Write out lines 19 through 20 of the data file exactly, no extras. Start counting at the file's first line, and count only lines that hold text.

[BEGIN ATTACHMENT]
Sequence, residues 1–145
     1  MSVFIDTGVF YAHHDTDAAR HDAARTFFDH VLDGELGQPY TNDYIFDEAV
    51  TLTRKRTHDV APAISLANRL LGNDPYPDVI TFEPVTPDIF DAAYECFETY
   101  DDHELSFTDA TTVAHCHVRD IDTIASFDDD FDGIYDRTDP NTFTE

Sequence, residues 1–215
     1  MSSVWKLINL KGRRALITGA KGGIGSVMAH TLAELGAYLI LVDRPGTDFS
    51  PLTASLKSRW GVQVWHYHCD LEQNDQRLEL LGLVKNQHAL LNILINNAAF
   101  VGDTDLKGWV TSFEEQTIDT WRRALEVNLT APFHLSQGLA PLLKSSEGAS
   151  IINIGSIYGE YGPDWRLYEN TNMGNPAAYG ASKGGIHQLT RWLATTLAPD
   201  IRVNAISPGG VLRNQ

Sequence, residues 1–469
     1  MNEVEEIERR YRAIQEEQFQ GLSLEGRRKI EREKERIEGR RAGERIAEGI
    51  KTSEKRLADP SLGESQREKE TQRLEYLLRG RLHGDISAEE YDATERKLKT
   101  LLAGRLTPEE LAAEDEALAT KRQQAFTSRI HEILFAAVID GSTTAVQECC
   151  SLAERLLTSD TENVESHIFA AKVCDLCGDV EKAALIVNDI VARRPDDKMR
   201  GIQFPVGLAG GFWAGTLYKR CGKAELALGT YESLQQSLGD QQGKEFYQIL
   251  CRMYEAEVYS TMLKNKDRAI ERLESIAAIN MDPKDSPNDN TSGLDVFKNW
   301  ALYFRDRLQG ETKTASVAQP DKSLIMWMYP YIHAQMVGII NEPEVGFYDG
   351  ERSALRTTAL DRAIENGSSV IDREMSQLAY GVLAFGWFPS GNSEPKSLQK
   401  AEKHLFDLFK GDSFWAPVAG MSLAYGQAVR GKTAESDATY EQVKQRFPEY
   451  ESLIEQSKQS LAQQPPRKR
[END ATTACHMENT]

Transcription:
   351  ERSALRTTAL DRAIENGSSV IDREMSQLAY GVLAFGWFPS GNSEPKSLQK
   401  AEKHLFDLFK GDSFWAPVAG MSLAYGQAVR GKTAESDATY EQVKQRFPEY